You should begin to consider the advertisement that you would like to address for your essay. It should be an advertisement organized around a single photograph. A full page print ad is preferable. Please bring ideas to class next week.
Our next reading will, in some ways, be very different from most of what we’ve read so far, yet it is also the embodiment of some ideas that we’ve covered. You should also note that this particular reading is a part of the department-wide initiative to examine the work of Gordon Parks.
The reading is a photo-essay entitled What Their Cry Means to Me…, with words and pictures by Gordon Parks. It was originally published in Life Magazine in May of 1963. Note that the following PDF also includes a piece anonymously authored by Life’s editorial board, with photograph’s by Parks. Please examine the interplay of image and text in this article. Here is the PDF: Parks_WhatTheirCryMeansToMe_1963
Your response to this reading will also be slightly different. Your objective will be to create your own evaluation of identity, or a movement associated with ‘identity politics’ today. You must create a 3-4 page PDF that incorporates images and text to address the topic. You can write about personal experiences, or adopt the stance of a neutral observer. You can use your own images or imagery drawn from advertising, news or other media outlets. It is ok if your design and text are not completely polished (this is still just a regular weekly assignment post), but think about Typophoto or ‘an inventory of effects’ as tools for addressing current issues related to identity and representation.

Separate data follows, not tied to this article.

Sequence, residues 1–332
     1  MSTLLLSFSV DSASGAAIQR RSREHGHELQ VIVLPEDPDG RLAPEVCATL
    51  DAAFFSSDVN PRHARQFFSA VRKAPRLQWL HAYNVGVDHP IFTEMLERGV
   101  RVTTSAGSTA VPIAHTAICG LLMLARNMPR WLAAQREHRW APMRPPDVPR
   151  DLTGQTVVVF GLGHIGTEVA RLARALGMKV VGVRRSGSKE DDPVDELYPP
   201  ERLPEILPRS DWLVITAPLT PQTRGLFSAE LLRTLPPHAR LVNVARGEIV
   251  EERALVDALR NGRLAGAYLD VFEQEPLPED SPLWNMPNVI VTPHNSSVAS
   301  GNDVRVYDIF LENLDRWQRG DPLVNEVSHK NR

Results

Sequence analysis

Our next reading will be from the media theorist Marshall McLuhan. For this reading, you have two options. Please read one of the following:
The Introduction, Chapter 1 and Chapter 7 from McLuhan’s influential 1964 book Understanding Media: The Extensions of Man. This is a fairly straightforward text. Here is a PDF: McLuhan_UnderstandingMedia_exc
Selected paged from The Medium is the Massage: An Inventory of Effect, co-created by McLuhan and Quentin Fiore in 1967. This is an experimental text that relies heavily on image-text interactions. Here is a PDF: McLuhan_Fiore_MediumIsTheMassage_1967
Please take a look at both, to get a sense of the material, then choose one or the other to really focus on.
Here are some questions to consider:
McLuhan describes technology and media as “extensions of man.” How do media extend human beings, or humanity in general? What hazards might technological progress bring for individuals and society? If “the medium is the message,” what role can artists and designers play in creating new messages? How is the work of a designer subordinate to the media they use to create or distribute information?
You also have two options for this response. You can write 3-4 paragraphs. Or you can respond in a “typophotographic” manner, combining images and text.
Our next reading assignment includes 3 short texts from designers who employed systematic approaches to their work. They are as follows:
Jan Tschichold, The New Typography (1928): Tschichold_NewTypo
Karl Gerstner, Designing Programmes (1964): Gerstner_DesigningProgrammes
Josef Müller-Brockmann, Grid and Design Philosophy (1981): MullerBrockmann_Grid_Des-Phil
The prompt for this week is an overly simple one: According to Jan Tschichold, Karl Gerstner, and Josef Müller-Brockmann, How should one design?
For this one you can answer with 3-4 paragraphs, as usual, or you can create a visual response, incorporating text with design elements. If you choose the visual response, use the visual-linguistic ideas discussed in class and the systematic approach outlined in these texts to create your design, then upload a jpeg or pdf file.